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    Research Grants Awarded

    Mechanisms Of Telomere Dysfunction In Breast Cancer

    Grant Mechanism:
    Career Catalyst Research

    Scientific Abstract:
    1) Scientific rationale Telomere dysfunction is likely a key driving force behind the genomic instability observed in early cancer lesions. Since genomic instability is one of the earliest neoplastic changes known to occur in tumorigenesis, determining its cause(s) is critical for understanding the etiology of cancer for early detection and therapeutic purposes. Several recent reports support the concept that defects in telomere maintenance initiate genomic instability eventually resulting in the development of breast cancer and other cancers. However, the extent of telomere dysfunction in human cancers has not been directly determined due to technical limitations in detecting telomere dysfunction within tissues. This application focuses on an innovative PCR-based method for detecting telomere dysfunction markers in breast tumor tissue and corresponding circulating DNA for early breast cancer detection. (2) Hypothesis Our working hypothesis is that telomere dysfunction is a key cause of genomic instability observed in breast cancer. To test this hypothesis, we will determine whether telomere dysfunction is found in human breast tumor tissue and corresponding circulating DNA. (3) Research aims and design: Detection of telomere dysfunction in tumor tissue and circulating DNA from breast cancer patients. Our preliminary results indicate that telomere dysfunction does indeed occur with high frequency in human breast tumor tissue using our innovative PCR-based method. Moreover, telomere fusion junctions contain insertions of relatively short regions of non-telomeric DNA derived from known highly recombinagenic regions such as fragile sites and subtelomeric regions witin the telomere-to-telomere fusion junctionss likely formed via recombinational mechanisms resulting in multiple breakage-fusion-bridge cycles. The experiments in this proposal are designed to develop these telomere dysfunction and genomic instability markers for early detection of breast cancer. We will perform pilot studies to determine the extent of telomere dysfunction, as measured by telomere fusion accumulation, in multiple staged tumor tissue samples and corresponding circulating DNA. (4) Clinical impact In this proposal, we will determine the tumorigenesis stage when chromosome fusions occur and the prevalence of telomere dysfunction in multiple staged breast tumor tissue samples and corresponding circulating DNA. Based upon our preliminary results, we anticipate that we will be able to develop a simple, accessible clinical test for very early detection of breast cancer. By using our innovative PCR-based method to identify these molecular markers (chromosome fusion junctions) in the early stages of breast tumorigenesis, we may be able to provide an immensely useful diagnostic tool for detection, prevention, and treatment of breast cancer.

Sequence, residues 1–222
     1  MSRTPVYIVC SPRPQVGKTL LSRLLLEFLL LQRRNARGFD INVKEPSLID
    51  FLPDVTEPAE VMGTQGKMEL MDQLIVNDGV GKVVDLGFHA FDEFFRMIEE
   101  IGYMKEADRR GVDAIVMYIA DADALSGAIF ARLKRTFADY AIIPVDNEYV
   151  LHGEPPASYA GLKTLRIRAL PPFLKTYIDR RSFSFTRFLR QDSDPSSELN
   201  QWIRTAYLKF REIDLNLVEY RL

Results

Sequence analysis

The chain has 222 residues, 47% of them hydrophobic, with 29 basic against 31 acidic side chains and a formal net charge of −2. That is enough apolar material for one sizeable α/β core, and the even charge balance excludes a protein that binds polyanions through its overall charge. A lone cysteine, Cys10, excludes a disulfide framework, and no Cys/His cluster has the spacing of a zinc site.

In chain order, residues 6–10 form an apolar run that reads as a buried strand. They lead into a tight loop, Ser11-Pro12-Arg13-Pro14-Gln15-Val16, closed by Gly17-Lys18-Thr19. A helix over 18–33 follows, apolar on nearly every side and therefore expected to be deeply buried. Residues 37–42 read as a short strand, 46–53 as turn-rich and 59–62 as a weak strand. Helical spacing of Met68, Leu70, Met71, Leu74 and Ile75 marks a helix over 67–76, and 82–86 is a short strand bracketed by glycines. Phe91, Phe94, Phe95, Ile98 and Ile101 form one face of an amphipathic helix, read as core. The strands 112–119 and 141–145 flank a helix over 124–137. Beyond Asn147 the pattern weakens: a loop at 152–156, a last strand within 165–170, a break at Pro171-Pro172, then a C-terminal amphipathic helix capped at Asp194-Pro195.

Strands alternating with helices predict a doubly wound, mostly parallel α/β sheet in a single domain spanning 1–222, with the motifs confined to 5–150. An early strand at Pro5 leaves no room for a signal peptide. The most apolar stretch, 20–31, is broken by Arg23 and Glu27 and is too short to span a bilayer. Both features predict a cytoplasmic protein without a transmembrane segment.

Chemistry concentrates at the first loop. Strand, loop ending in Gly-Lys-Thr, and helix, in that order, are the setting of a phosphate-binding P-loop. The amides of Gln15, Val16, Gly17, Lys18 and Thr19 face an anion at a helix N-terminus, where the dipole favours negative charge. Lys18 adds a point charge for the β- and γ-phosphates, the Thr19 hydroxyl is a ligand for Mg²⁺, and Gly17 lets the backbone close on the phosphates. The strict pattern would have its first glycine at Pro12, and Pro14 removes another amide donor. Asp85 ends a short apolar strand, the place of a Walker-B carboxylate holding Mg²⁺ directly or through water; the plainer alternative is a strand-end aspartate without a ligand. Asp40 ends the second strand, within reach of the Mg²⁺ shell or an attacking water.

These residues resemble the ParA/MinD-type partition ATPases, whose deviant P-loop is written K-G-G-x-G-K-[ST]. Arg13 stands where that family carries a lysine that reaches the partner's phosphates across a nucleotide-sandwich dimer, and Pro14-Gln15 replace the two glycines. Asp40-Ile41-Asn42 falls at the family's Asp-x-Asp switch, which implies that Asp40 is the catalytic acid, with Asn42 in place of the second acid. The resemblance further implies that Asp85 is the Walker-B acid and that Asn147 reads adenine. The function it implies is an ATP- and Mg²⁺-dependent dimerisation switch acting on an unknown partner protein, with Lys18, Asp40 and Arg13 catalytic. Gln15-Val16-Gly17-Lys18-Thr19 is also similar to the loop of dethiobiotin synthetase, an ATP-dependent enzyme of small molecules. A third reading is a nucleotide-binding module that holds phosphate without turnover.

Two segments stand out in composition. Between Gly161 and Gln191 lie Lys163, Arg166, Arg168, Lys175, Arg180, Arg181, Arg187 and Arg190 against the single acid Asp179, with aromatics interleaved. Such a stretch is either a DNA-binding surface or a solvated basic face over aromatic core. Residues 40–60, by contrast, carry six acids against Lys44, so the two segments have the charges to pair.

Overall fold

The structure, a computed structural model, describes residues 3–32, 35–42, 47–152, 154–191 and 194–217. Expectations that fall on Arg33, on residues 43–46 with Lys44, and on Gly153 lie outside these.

Lay Abstract:
    Chromosomes are the parts of a cell that contain genes, which determine hereditary traits. Telomeres are specialized structures at the end of chromosomes that are essential for chromosome maintenance. Telomeres have been shown to be important for protecting the chromosomes from degradation and chromosome end fusion with another separate chromosome. Therefore, disruption of telomere function (called ?telomere dysfunction?) causes havoc to cell survival. This in turn compromises not only cellular lifespan, but also the susceptibility of the organism to age-related diseases such as cancer. Telomere dysfunction is likely a key driving force behind the genomic instability (also called as ?chromosomal instability?) observed in early cancer lesions. Since genomic instability is one of the earliest neoplastic changes known to occur in tumorigenesis, determining its cause(s) is critical for understanding the etiology of cancer for early detection and therapeutic purposes. Several recent reports support the concept that defects in telomere maintenance initiate genomic instability eventually resulting in the development of breast cancer and other cancers. Since early detection is clearly the best defense against cancer, this application focuses on an innovative technique for detecting telomere dysfunction markers in breast tumor tissue and corresponding circulating DNA for early breast cancer detection. We have developed a unique and powerful technique to detect and analyze chromosomal end-to-end fusions (a major hallmark of telomere dysfunction).. Based upon our preliminary results, we anticipate that we will be able to develop a simple, sensitive and accessible clinical test for very early detection of breast cancer. By using our technique to identify these molecular markers (chromosome fusion junctions) in the early stages of breast tumorigenesis, we may be able to provide an immensely useful diagnostic tool for detection, prevention, and treatment of breast cancer.